Ministers could bring in a commissioner to oversee children's services at cash-strapped Northamptonshire County Council after an Ofsted report found "serious concerns" about the department.
Inspectors said children referred to social care services in the county were "not consistently or effectively assessed, supported or protected" in a letter to chief executive Theresa Grant.
The council has twice issued a "section 114" notice restricting its own spending to only essential services in a bid to balance the books.
The latest notice, in July, came amid fears that its budget shortfall could reach £70 million this year.
The letter, from inspector Linda Steele, said: "Against a backdrop of recent significant financial uncertainty and changes in leadership at corporate and managerial levels, services considered during this visit have significantly declined in the past two years since the single inspection in 2016."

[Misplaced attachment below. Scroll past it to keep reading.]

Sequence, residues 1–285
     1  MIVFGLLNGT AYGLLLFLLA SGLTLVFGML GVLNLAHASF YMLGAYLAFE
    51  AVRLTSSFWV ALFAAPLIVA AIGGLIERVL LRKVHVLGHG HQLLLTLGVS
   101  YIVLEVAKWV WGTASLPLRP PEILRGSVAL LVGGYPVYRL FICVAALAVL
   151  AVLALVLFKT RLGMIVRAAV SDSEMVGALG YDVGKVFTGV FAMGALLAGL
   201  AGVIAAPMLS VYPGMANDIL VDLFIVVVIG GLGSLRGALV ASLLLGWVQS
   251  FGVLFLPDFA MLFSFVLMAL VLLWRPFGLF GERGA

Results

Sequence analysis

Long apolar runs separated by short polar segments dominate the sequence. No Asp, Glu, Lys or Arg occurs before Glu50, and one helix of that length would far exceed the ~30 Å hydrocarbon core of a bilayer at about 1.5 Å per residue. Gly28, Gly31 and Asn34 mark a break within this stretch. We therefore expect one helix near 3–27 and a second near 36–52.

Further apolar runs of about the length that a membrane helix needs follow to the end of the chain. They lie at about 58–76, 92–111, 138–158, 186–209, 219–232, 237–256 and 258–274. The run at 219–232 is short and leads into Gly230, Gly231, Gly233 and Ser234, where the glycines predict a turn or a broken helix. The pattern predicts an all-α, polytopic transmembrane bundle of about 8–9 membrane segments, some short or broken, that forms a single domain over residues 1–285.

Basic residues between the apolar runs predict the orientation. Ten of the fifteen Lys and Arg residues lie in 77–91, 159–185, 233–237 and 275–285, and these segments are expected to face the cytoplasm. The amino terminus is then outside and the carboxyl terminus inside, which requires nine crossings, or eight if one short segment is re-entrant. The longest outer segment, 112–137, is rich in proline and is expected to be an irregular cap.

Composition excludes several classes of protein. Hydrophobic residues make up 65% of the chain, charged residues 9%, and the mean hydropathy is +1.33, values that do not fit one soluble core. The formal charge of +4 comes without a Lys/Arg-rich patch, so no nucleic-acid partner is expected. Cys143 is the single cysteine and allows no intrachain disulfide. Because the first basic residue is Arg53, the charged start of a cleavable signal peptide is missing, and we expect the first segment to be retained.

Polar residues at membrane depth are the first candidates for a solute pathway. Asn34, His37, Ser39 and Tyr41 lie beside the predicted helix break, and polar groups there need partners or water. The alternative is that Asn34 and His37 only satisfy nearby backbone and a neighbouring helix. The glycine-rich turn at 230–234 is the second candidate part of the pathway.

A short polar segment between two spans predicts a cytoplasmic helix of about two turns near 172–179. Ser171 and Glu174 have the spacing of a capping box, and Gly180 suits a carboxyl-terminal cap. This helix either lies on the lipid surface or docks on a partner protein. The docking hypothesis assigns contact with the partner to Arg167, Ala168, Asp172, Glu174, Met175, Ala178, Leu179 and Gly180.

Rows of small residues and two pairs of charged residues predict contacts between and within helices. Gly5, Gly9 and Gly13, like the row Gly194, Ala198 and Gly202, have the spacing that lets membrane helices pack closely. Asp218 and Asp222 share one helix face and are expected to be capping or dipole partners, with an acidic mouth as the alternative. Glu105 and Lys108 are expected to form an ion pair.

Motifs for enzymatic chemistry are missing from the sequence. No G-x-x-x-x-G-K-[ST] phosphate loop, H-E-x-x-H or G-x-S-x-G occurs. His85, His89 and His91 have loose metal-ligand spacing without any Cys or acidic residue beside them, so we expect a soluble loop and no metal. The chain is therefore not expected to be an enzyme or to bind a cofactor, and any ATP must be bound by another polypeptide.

Education Secretary Damian Hinds and the Secretary of State for Housing, Communities and Local Government James Brokenshire said the Government intends to send in a commissioner.
Mr Brokenshire said: "Keeping vulnerable children safe is one of the most important duties local authorities carry out.
"Ofsted's report highlights serious concerns about the current performance of children's services in Northamptonshire and this cannot continue."
Victoria Perry, from the council, said: "We know that our children's services are not working well and we will put this right.
"It is clear from the findings from Ofsted that these failures in the system have taken place over the last two years and we are now completely focused on recovering from these failures."
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